 protected abstract String readText(File f, String
  encoding) throws FieNotFoundException,
  UnSupportedEncodingExceptin { … }

                                                Transparency No. 1-107
                                                    Basic Java Syntax
   Method Overloading
 Java allow you to define in a class multiple methods
  of the same name but with different signatures,
  which are method name together with the list of
  parameter types ordered by their occurrences in the
  parameterList
 Ex:
 public static void main(String[] args) => main(String[])
 public static synchronized int indexOf(Object e, int idx )
  => indexOf(Object, int)
 double distance() => distance().

                                             Transparency No. 1-108
                                                             Basic Java Syntax
    Example
pubic class Test {
public static void main(String[] args ) {…}
public static void main(String[][] args ) {…} // ok
private int main(String[] xx) throws IOException { … }
                        // error, method already defined
public void main(int args) {… } // ok

public void main(String[] args, int len) {… } // ok

}


                                                      Transparency No. 1-109
                                                    Basic Java Syntax
   Classes and Objects
 A class is a named collection of
  fields (variables) that hold data values and
  methods that operate on these values.
  Classes may also contain classes called nested (inner)
   calsses; constructor (methods) are used to create its
   [object] instances
 Class is the fundamental unit of Java program
  All Java statements appear within methods (and
   initialization blocks)
  All methods are defined within classes
  Java interpreter and compiler cannot recognize java code
   smaller than a class.
  basic execution unit of java interpreter/loader
  A class define a new data type.

                                             Transparency No. 1-110
                                                    Basic Java Syntax
   Defining a class
 a possible definition of a plane Point class:
pubic class Point {
public double x,y; // the coordinates of the point
Point(double x, double y) { // constructor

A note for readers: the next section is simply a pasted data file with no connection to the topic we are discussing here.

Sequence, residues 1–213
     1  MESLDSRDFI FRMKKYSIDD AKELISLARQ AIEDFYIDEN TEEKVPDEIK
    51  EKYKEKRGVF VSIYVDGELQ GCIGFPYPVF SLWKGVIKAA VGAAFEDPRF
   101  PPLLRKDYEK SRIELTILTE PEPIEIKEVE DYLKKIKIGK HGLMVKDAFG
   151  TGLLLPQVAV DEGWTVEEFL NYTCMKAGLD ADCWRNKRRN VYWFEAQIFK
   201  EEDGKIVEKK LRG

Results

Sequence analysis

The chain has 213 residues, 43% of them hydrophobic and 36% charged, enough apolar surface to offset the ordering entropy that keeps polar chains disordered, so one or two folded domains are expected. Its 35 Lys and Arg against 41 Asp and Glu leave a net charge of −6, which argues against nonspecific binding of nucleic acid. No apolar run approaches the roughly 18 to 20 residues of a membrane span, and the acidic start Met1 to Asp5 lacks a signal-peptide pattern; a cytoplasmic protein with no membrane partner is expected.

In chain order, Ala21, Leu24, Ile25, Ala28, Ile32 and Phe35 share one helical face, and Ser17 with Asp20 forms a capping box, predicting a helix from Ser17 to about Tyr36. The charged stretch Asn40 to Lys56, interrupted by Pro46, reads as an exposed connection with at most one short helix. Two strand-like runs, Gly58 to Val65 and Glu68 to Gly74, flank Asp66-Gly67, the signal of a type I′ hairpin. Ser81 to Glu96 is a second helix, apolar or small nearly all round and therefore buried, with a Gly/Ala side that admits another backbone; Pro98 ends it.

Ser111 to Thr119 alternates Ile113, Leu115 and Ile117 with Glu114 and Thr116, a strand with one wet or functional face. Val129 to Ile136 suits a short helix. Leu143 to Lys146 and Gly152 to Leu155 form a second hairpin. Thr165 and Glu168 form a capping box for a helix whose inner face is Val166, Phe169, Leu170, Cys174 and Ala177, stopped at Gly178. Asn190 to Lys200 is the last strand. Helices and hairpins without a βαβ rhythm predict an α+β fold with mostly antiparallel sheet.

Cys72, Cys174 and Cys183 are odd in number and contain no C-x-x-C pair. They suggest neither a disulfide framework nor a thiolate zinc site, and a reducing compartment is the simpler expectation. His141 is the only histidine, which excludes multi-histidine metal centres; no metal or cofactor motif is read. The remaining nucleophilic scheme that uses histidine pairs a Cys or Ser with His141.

this.x = x;
this.y = y; }
public distanceFrom(double x1, double y1) {
 double dx = x – x1, dy = y – y1
return Math.sqrt(dx*dx + dy*dy); }



                                             Transparency No. 1-111
                                                                   Basic Java Syntax

   Note about java source file and java class definitions
1. Source file is the compilation unit of Java.
2. Each source file may contain multiple java class (and/or
   interface) definitions.
3. Each file may contain at most one public class (or interface).
4. If a source file contains a public class of name Point, then this
   source file must be named as Point.java
5. If a source file contains a class named A then javac will
   produce a single file named A.class for the generated java byte
   code for such class.




                                                            Transparency No. 1-112
                                                                   Basic Java Syntax
    Example:
 The source file contains the following code :
package a.b.c;
         // this file and its contained classes are in package a.b.c.
import java.lang.*; // import statement let you use simple class name like
             // System in place of its fully quantified name: java.lang.System
import java.io.IOException;
…
class A { … }
public class B { … }
interface C { … }
 must be named B.java
 After successful compilation, javac will produce three byte
   code files named A.class, B.class and C.class, respectivley.

                                                            Transparency No. 1-113
                                                                 Basic Java Syntax
    Creating an object (instance) of a class
After defining the class Point, we can use Point as a new data type. and
    declare variable of type Point.
Point p; // p now has value null.
// Create a Point instance representing (2, -3.5) and store it in
// variable p
p = new Point(2.0, -3.5); // 1. p is a scalar pointer (or reference)
 //     pointing to a structure representing an Point instance.
 // 2. Point(double,double) match the constructor signature.
// Create some other objects as well
Date d = new Date() // d represent the current time
Vector v = new Vector() // v can hold a list of objects
Object o = Class.forName( aClassName).newInstance();
 // dynamically create an object of type unknown at compile-time.

                                                          Transparency No. 1-114
                                                           Basic Java Syntax
   Object Literals
 In Java, strings are objects of type java.lang.String
 java allows you to use the string literal notation to represent a
  String object.
Ex:
String lastName = “ Chen “;
String firstName=“Cheng-Chia”;
String fullName = new String(lastName + “ “ + firstname)




                                                    Transparency No. 1-115
                                                         Basic Java Syntax
   Using an Object
 Given an object o of type T, we can access its fields or invoke
    its methods as follows: